Last year, we all heard that we were going to have be ready for ‘Big Data’; that every business worth its salt would have a quant on its staff and an ever-growing Hadoop database spitting out the secrets of the universe into its sweat-slicked hands. Only that never really seemed to happen. Somewhere between the excitement of “We’re going to get all the data, and we’re going to ask it things, and it’s going to be brilliant” the reality of implementation caught up.
This article seems to suggest why – that like everything else worth doing, the whole ‘Big Data’ idea is incredibly hard to implement well. It’s not something that slots naturally into existing business practices, no matter how great you are – it needs specialists, just like any other large function. As another Wired article points out, just because you can gather and read this data, it doesn’t mean you’re doing something useful with it, or even interpreting it well. In the two companies in the article, Valve succeed at least in part because they hired specialists who really know how to look at the data, how to eliminate false positives, and crucially, what’s worth looking at and what isn’t. It’s not like Zynga couldn’t afford to hire good people, but they base their business on rapidly iterating their product based on the data they gather. If you ask the wrong questions or make false assumptions, you’re going to run into trouble quickly, and put time and effort into fruitless enterprises.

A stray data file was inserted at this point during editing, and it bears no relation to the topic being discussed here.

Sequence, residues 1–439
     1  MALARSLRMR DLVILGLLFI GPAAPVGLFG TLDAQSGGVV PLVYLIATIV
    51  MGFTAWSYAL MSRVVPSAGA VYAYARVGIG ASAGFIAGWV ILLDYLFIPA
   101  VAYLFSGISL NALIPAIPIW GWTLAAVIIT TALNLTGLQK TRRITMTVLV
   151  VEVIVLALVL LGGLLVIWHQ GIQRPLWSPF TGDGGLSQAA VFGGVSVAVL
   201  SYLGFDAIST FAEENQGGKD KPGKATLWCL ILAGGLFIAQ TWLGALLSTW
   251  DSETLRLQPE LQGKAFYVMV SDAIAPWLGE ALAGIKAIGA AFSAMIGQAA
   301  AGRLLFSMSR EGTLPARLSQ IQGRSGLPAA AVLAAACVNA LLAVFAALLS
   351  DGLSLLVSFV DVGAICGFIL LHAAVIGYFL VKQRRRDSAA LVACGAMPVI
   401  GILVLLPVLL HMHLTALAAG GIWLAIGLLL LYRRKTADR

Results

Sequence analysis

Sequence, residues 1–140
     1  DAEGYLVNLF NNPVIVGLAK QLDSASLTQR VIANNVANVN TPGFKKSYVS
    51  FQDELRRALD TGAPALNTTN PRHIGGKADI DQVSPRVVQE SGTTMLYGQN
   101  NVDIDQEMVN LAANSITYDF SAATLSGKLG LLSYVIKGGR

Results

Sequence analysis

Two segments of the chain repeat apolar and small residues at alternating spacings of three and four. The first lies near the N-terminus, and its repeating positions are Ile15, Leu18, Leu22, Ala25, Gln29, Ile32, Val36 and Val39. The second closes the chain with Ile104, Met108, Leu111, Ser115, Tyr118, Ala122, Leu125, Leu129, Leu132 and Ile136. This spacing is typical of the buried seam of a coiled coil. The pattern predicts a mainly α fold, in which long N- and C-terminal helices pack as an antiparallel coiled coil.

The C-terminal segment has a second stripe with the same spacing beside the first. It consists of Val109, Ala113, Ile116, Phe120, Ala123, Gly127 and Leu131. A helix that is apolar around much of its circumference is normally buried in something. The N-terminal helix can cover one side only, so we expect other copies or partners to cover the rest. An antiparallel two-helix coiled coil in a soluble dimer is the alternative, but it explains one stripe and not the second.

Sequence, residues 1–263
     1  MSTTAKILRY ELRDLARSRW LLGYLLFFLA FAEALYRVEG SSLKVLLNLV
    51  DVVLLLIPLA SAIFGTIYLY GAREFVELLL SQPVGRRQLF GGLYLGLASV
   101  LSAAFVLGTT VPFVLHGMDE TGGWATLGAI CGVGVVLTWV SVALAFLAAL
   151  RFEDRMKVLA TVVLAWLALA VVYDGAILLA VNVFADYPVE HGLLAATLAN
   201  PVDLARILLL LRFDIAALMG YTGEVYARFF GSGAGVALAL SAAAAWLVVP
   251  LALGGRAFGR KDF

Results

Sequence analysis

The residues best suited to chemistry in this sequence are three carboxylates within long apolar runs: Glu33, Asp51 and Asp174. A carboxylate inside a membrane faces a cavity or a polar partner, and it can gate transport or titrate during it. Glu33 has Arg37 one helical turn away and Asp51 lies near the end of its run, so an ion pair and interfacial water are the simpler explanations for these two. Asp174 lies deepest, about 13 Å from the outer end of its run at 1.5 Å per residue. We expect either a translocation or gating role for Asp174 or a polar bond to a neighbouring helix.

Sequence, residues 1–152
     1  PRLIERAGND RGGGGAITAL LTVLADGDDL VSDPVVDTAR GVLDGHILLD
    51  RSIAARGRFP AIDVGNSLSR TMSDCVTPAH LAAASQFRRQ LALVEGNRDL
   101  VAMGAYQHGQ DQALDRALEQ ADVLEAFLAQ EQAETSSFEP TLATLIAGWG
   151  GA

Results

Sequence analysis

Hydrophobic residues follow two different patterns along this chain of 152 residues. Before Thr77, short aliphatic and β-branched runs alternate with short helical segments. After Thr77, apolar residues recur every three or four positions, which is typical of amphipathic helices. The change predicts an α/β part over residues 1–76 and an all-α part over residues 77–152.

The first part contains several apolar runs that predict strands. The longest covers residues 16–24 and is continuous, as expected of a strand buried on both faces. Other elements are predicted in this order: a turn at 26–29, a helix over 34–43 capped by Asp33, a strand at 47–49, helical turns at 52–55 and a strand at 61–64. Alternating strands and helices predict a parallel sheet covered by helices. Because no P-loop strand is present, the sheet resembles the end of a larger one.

The truth is, if you want to find small patterns in big numbers, you need a vast amount of data, and you need someone smart enough to deal with it. You probably have smart people who work with a lot of data in your organization, but this is the sort of thing that’s going to make a maths PhD a very high-paying qualification to have among the companies that get it right.
You can improve a well-run and sustainable business with this sort of data analysis, but you can’t keep throwing things at the wall and hope you get enough data to turn them into something great.